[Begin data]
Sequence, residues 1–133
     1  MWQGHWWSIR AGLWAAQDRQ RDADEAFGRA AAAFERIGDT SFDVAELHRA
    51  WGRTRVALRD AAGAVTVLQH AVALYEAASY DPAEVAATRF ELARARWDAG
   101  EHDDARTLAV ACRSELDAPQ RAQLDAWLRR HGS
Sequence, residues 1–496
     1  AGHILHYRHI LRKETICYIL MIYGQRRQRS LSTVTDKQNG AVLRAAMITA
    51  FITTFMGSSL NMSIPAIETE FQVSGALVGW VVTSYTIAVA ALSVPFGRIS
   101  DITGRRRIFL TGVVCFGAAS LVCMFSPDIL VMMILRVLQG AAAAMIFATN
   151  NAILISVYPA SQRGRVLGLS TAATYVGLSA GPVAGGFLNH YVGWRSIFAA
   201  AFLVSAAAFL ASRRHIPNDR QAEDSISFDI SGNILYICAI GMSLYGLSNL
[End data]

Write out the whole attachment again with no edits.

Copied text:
Sequence, residues 1–133
     1  MWQGHWWSIR AGLWAAQDRQ RDADEAFGRA AAAFERIGDT SFDVAELHRA
    51  WGRTRVALRD AAGAVTVLQH AVALYEAASY DPAEVAATRF ELARARWDAG
   101  EHDDARTLAV ACRSELDAPQ RAQLDAWLRR HGS
Sequence, residues 1–496
     1  AGHILHYRHI LRKETICYIL MIYGQRRQRS LSTVTDKQNG AVLRAAMITA
    51  FITTFMGSSL NMSIPAIETE FQVSGALVGW VVTSYTIAVA ALSVPFGRIS
   101  DITGRRRIFL TGVVCFGAAS LVCMFSPDIL VMMILRVLQG AAAAMIFATN
   151  NAILISVYPA SQRGRVLGLS TAATYVGLSA GPVAGGFLNH YVGWRSIFAA
   201  AFLVSAAAFL ASRRHIPNDR QAEDSISFDI SGNILYICAI GMSLYGLSNL